In Chester Cathedral you’ll find something extremely rare: The reconstructed 14th century shrine of Saint Werburgh. Destroyed during the reformation, some parts of it were found during the 1873 restoration of the cathedral and Sir Reginald Bloomfield reassembled the shrine in 1888. It’s surrounded by gothic niches and beautiful, gilded, figures (now headless) stand around the top. It’s so rare to find a shrine in a British church or cathedral because the iconoclasts we’re usually quite thorough in their destruction of them.
I can only imagine what it must have felt like to approach the shrine in order to kneel and place one’s head into one of the stone niche’s on the sides... The jewels and gems draped all around the saint’s relics must have sparked in the candlelight while devout monks quietly shuffled through the shafts of incense-filled sunlight streaming into the Lady Chapel.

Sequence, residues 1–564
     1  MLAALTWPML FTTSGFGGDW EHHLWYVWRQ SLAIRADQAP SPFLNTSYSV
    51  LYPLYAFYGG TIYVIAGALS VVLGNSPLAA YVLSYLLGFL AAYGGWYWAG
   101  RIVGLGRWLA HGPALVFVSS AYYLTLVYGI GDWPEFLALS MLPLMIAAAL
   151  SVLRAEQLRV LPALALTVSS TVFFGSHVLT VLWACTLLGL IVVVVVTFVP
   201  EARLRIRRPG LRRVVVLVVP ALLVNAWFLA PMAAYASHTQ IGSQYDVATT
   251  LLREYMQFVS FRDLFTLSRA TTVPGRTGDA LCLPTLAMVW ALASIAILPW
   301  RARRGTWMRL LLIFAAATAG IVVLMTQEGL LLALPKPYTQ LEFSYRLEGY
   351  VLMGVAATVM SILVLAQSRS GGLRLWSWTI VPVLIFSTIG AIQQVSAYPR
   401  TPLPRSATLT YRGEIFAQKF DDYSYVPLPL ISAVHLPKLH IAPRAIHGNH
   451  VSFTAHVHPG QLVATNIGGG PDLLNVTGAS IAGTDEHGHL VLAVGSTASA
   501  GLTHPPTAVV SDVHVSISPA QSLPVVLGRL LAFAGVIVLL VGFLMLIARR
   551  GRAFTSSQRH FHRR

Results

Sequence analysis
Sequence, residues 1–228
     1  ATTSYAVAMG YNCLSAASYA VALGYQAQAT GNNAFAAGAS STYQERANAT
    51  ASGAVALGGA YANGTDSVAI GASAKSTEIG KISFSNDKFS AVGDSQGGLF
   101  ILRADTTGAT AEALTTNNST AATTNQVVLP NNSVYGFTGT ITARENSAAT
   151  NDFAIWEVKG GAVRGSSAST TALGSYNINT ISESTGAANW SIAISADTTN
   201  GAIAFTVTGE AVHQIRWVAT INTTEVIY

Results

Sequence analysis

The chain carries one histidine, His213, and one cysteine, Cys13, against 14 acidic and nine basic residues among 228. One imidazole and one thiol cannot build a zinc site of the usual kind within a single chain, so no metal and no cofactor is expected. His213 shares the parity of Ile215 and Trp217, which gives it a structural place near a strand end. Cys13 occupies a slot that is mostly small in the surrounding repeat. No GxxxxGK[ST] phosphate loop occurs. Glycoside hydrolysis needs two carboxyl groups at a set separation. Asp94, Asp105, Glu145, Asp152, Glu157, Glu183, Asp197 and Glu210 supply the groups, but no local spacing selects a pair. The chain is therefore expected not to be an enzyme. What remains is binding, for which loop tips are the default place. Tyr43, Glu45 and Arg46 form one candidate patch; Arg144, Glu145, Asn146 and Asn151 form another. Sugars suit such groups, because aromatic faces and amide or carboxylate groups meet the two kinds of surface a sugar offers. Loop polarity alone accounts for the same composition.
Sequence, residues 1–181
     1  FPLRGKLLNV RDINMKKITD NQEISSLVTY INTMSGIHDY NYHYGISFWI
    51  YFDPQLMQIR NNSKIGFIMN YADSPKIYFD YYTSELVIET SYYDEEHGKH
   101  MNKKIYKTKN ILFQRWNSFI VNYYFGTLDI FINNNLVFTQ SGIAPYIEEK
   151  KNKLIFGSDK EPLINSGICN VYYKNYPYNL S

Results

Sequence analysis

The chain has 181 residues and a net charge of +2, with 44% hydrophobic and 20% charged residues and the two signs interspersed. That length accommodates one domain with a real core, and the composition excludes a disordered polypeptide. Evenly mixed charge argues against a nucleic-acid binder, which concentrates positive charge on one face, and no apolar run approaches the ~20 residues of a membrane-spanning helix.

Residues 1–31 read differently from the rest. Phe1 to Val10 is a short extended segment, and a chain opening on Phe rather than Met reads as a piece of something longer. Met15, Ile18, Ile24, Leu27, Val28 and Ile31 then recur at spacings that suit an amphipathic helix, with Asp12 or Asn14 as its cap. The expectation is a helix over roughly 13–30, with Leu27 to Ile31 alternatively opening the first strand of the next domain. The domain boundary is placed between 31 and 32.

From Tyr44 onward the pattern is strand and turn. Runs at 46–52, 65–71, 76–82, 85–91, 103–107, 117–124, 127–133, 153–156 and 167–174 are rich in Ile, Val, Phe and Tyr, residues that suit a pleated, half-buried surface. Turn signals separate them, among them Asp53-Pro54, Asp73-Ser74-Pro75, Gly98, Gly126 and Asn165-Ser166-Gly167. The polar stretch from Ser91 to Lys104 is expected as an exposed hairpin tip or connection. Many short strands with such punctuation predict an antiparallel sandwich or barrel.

Werburgh’s brother, Coenred, was king of Mercia. She was a nun most of he life, dying in 700. Her brother decided to move her remains in 708. When the tomb was opened, her body was found to be miraculously intact. This preservation was taken as a sign of divine favour. Coenred abdicated a year later to become a monk in Rome, and at about the same time (according to a Benedictine hagiographer) Werburgh appeared in a vision and restored a dead goose to life! Pilgrims to her shrine wore a badge depicting a basket of geese.